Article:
Sunday, June 10, 2012

Happy Birthday Lilian

When a headstone is misleading

June 12 will mark the anniversary of Lilian Rice’s birth. As this special date comes around each year it not only represents a marker of time but also a source of frustration for me. It has been widely noted that she was born in 1888. Many local historians and authors continue to inaccurately state her year of birth even though I have written extensively on this unfortunate error and set the record straight in my book. On page 19 there is a legal copy of her birth certificate as evidence. What has added weight to the inaccurate birth year is Lilian Rice’s headstone, located at La Vista Memorial Park Cemetery in National City, which shows a year of 1888. When I inquired at the cemetery about the oddity of this unfortunate error and how it could be so, I discovered that when the Rice family headstones were vandalized several years ago, well-meaning volunteers replaced them to make each uniform in size and type and free of graffiti. Unfortunately it was at this point that the error in the year of Rice’s birth was made. It is a goal of mine to replace the headstone with one that is etched with the Rice’s actual year of birth. If anyone is interested in donating to a fund to pay for the necessary costs involved, please let me know. For the record Lilian J. Rice was born in June 12, 1889 and died December 22, 1938. She was 49 years old.

“I found real joy at Rancho Santa Fe. Every environment here calls for simplicity and beauty: the gorgeous natural landscapes, the gently broken topography, the nearby mountains. No one with a sense of fitness, it seems to me, could violate these natural factors by creating anything that lacked simplicity in line, and form, and color,” wrote Lilian Rice in an article that was reprinted in the Modern Clubwoman, but originally written for the Rancho Santa Fe Progress in 1928.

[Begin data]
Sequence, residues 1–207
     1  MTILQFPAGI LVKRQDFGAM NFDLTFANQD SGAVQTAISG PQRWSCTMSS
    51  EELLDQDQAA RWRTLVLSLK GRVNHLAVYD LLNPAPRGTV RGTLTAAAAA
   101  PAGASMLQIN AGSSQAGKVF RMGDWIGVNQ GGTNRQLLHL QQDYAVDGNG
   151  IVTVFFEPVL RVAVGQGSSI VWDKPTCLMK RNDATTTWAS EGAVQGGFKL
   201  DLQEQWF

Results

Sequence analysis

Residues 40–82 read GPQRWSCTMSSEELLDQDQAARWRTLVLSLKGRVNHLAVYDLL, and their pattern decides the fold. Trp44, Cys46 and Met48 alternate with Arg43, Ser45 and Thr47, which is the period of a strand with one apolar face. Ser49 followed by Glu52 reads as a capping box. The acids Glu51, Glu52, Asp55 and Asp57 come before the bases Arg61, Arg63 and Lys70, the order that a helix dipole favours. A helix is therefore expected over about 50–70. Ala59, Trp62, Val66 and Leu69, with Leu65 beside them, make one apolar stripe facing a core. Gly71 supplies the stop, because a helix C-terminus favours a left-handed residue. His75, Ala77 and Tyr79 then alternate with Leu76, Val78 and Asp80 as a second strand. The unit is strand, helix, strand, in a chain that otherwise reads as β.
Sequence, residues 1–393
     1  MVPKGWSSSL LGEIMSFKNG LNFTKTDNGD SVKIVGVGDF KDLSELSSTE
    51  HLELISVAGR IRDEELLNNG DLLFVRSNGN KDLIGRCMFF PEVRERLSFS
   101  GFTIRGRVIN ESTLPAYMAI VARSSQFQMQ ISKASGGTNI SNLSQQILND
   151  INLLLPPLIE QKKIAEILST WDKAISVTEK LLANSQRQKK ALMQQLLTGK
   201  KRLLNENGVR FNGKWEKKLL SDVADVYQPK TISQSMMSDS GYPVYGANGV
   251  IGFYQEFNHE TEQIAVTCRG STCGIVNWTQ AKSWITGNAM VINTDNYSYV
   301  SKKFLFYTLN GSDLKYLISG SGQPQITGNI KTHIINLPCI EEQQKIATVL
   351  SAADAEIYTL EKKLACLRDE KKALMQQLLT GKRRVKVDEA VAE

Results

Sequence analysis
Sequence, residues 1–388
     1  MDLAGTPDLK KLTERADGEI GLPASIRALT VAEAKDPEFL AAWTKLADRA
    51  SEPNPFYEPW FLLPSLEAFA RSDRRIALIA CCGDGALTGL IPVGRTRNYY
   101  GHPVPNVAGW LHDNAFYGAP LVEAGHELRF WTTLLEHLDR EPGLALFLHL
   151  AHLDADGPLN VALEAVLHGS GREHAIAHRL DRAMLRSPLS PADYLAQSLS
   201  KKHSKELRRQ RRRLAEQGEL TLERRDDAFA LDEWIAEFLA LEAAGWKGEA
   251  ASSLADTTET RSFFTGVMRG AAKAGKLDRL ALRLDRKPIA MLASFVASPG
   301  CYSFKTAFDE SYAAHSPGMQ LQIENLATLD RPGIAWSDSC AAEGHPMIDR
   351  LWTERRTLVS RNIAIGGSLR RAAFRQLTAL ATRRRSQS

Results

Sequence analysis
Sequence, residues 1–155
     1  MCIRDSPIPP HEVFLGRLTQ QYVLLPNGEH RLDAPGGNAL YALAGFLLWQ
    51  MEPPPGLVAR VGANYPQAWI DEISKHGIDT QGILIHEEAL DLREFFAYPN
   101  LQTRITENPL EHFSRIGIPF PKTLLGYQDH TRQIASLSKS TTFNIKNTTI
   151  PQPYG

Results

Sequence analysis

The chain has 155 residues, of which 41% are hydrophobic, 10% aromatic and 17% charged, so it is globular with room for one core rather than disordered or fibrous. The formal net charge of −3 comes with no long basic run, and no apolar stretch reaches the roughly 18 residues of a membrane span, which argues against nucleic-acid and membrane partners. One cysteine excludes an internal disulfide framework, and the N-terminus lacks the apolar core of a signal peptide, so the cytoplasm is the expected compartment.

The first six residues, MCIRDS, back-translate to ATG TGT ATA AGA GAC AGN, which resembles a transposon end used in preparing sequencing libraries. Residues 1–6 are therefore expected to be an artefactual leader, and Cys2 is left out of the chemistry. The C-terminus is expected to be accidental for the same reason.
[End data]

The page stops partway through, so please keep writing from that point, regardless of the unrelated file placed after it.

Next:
Here we are 84 years later and Lilian Rice remains in the shadows of time, yet her contributions to the beauty that is still part of both Rancho Santa Fe’s natural and built environment are as evident today as there were in the 1920s and 30s. However, my personal mission to uphold Lilian Rice’s rightful place in our local history, and also nationally as an important figure in women’s history, continues.

The Inn at Rancho Santa Fe starts a new chapter in its storied past

Ink and graphite rendering of La Morada by Sara Motamedi, in homage to Lilian Rice's original drawing.

The sale of the Inn at Rancho Santa Fe is now a done deal. After being in the Royce family since 1958, the charming gateway to the Ranch has new owners: JMI Reality, headed up by John Moores who is also the majority owner of the San Diego Padres baseball team. According to a recent article in the Rancho Santa Fe Review the restoration planned for The Inn is expected to cost about $12 million. Delawie Interiors, the San Diego design firm in existence for over a half a century, and MKA Inc. Architecture and Planning of San Diego have been engaged for the restoration.

The San Diego County Fair is back in town

Raquel Welch with my book on the history of the Del Mar Fairgrounds